Stack Overflow is a community of 4.7 million programmers, just like you, helping each other.

Join them; it only takes a minute:

Sign up
Join the Stack Overflow community to:
  1. Ask programming questions
  2. Answer and help your peers
  3. Get recognized for your expertise

I'm trying to select all comments that are the last in their conversation. Comments are in the same conversation if they have the same object_id and type_id. This is the query I have right now:

select * from comments 
 where user_id != #{current_user.id} 
 group by type_id, object_id 
 order by created_at desc

It works except the comments aren't always the last in the conversation. How can I do that? I need it to work in mysql and sqlite3.

share|improve this question
    
Please include the schema for the comments table. What is type_id and what is object_id? Also, what ORM (if any) are you using: ActiveRecord, Sequel, or just raw SQL commands? – Phrogz Jan 10 '11 at 16:51
    
the given sql command should give you all the info you need to know – tybro0103 Jan 10 '11 at 17:18
    
What this question has to do with Ruby or Rails? – klew Jan 10 '11 at 17:18
    
Well I'm using ruby on rails, but now that you mention it, I guess those two tags are irrelevant for this question. – tybro0103 Jan 10 '11 at 17:21

If you have troubles with a GROUp By the 1st thing to do is avoiding using '*'. This is an extension of the standard GROUP BY of SQL, provided by MySQL.

Classic group by must include all non-aggregate columns used in the select. mySQl let you avoiding the very basic fact and get some randomness on the result:

A similar MySQL extension applies to the HAVING clause. The SQL standard does not permit the HAVING clause to name any column not found in the GROUP BY clause if it is not enclosed in an aggregate function. MySQL permits the use of such columns to simplify calculations. This extension assumes that the nongrouped columns will have the same group-wise values. Otherwise, the result is indeterminate.

So try an updated version of the query with a plain select.

share|improve this answer

This query isn't very pretty (probably very slow to run on your server), but...

SELECT 
    MAX(created_at) created_at,
    * 
FROM 
    comments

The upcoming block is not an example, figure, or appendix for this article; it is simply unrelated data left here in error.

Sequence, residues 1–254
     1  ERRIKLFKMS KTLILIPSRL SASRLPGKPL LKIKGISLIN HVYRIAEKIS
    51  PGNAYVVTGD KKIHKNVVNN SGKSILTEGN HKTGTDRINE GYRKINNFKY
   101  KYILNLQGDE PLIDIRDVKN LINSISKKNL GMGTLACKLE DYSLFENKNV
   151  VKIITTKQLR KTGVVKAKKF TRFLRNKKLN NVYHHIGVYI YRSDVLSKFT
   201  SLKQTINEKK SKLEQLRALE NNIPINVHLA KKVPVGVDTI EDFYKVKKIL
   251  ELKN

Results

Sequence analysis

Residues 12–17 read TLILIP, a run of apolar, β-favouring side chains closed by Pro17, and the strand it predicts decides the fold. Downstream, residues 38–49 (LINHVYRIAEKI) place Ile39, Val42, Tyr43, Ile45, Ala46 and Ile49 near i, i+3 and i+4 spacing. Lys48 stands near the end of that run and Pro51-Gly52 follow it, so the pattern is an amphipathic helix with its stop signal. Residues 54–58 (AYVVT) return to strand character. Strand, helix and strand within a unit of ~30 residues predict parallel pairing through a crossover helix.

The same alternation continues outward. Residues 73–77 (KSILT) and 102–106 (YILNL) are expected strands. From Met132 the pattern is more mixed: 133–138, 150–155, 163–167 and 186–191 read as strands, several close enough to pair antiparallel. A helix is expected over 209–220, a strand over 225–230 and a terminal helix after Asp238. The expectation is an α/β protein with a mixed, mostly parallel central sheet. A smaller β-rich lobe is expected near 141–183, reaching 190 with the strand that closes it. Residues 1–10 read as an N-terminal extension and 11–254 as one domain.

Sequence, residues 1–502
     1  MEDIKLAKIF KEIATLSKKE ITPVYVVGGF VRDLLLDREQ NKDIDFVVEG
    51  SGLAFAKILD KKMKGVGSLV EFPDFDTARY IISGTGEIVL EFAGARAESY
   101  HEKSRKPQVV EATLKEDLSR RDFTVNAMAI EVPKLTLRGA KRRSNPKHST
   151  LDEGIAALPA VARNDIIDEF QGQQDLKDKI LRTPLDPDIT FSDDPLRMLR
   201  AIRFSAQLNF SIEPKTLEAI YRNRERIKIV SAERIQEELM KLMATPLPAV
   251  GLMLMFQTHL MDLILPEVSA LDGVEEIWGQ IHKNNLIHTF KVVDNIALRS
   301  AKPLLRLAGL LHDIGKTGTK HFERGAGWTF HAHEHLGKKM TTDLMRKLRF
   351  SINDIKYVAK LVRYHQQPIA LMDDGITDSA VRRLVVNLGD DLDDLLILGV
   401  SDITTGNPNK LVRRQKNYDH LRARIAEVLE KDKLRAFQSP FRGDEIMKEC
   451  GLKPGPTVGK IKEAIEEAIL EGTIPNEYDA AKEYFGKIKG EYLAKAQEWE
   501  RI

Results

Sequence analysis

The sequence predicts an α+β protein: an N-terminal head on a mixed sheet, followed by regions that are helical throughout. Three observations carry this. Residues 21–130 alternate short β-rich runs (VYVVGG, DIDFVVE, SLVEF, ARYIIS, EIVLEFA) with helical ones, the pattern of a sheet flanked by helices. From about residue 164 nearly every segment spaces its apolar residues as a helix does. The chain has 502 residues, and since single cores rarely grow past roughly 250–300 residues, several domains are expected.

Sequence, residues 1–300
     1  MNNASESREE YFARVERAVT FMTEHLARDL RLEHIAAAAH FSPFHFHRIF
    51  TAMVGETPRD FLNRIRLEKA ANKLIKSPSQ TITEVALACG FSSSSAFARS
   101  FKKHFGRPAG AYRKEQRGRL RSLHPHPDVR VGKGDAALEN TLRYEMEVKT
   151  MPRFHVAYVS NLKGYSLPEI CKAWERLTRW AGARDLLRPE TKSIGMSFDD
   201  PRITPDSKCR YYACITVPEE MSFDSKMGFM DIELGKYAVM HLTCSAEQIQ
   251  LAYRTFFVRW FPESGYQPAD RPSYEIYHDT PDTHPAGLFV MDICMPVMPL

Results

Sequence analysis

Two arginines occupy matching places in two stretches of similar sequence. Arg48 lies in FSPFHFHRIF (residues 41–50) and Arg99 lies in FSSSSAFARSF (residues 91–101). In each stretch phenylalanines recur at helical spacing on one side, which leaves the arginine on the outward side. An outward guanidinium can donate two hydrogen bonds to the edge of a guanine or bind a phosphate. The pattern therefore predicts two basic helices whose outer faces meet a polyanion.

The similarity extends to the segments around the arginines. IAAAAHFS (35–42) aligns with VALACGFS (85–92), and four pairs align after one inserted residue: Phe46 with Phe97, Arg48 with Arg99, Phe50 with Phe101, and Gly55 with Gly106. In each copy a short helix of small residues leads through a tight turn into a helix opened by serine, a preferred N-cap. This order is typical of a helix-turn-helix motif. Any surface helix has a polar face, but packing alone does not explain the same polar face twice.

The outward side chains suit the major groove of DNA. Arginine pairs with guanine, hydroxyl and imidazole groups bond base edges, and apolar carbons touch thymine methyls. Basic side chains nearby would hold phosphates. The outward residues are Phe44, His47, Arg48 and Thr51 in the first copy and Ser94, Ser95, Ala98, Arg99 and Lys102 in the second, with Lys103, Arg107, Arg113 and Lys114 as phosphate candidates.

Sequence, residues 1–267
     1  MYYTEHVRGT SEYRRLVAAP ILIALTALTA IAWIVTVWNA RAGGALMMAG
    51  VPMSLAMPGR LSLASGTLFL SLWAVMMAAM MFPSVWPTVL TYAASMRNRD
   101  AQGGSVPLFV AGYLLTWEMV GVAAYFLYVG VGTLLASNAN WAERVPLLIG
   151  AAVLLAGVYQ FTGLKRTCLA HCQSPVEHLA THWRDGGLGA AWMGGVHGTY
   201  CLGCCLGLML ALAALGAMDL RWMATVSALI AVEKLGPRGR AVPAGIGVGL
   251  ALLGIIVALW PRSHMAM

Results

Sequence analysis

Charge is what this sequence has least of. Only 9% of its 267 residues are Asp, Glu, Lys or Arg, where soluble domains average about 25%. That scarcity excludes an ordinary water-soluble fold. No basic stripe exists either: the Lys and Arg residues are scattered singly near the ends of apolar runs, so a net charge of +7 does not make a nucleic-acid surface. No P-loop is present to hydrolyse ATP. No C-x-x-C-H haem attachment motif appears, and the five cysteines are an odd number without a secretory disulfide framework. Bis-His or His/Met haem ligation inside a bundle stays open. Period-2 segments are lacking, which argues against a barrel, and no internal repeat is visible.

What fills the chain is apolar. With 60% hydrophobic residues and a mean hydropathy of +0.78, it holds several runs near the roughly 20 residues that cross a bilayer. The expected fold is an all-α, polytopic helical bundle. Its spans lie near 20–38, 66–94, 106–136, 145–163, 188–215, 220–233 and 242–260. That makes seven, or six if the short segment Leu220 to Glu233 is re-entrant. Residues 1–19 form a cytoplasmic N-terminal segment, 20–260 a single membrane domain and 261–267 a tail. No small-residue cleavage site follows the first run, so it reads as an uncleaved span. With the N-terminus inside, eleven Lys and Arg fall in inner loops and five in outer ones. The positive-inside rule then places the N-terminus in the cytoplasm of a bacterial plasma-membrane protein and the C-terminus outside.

WHERE 
    user_id != #{current_user.id} 
GROUP BY 
    type_id, 
    object_id 
ORDER BY
    created_at DESC

EDIT: Just noticed this doesn't work. What's needed is the table schema to solve this.

share|improve this answer

Here's a guess, but need more information on your schema to be certain. Do you need/want only the very last comment, or are you trying to find the last n comments per "conversation"?

  SELECT *
    FROM comments
   WHERE user_id != ...
ORDER BY type_id,
         object_id,
         created_at DESC
share|improve this answer
    
just the last one – tybro0103 Jan 10 '11 at 16:57
    
Thank you. Now answer the questions in the comment to your original question, please. – Phrogz Jan 10 '11 at 17:06

You cannot get the results that you want using only a GROUP BY query. The reason is that there's no way to instruct the RDBMS to select the comment text corresponding to the last comment in the GROUPed set.

Instead do this:

 SELECT * FROM comments 
  WHERE user_id != #{current_user.id} AND created_at = 
    (SELECT MAX(created_at) FROM comments WHERE user_id != #{current_user.id} )

or

 SELECT * FROM comments c1
  WHERE user_id != #{current_user.id} AND NOT EXISTS
    (SELECT * FROM comments c2 
      WHERE user_id != #{current_user.id} AND c2.created_at > c1.created_at )

(I used comment_id since it's not clear what identifies comments, but if it's object_id then use that instead).

share|improve this answer

If you want to select the last comments within each group of type_id and object_id, use a subquery:

select c1.*
from comments c1
join (
  select type_id, object_id, max(created_at) last_comment_created_at
  from comments
  where user_id != #{current_user.id} /* indicates 'comment'? */
  group by type_id, object_id
) c2
on c2.type_id = c1.type_id
  and c2.object_id = c1.object_id
  and c2.last_comment_created_at = c1.created_at

This works except there are multiple comments having exactly same type_id, object_id and created_at' value. So if there is a column like 'comment_order', that is preferable to 'created_at'.

share|improve this answer
    
created_at is a timestamp, so that shouldn't be a problem – tybro0103 Jan 10 '11 at 17:26

Your Answer

 
discard

By posting your answer, you agree to the privacy policy and terms of service.

Not the answer you're looking for? Browse other questions tagged or ask your own question.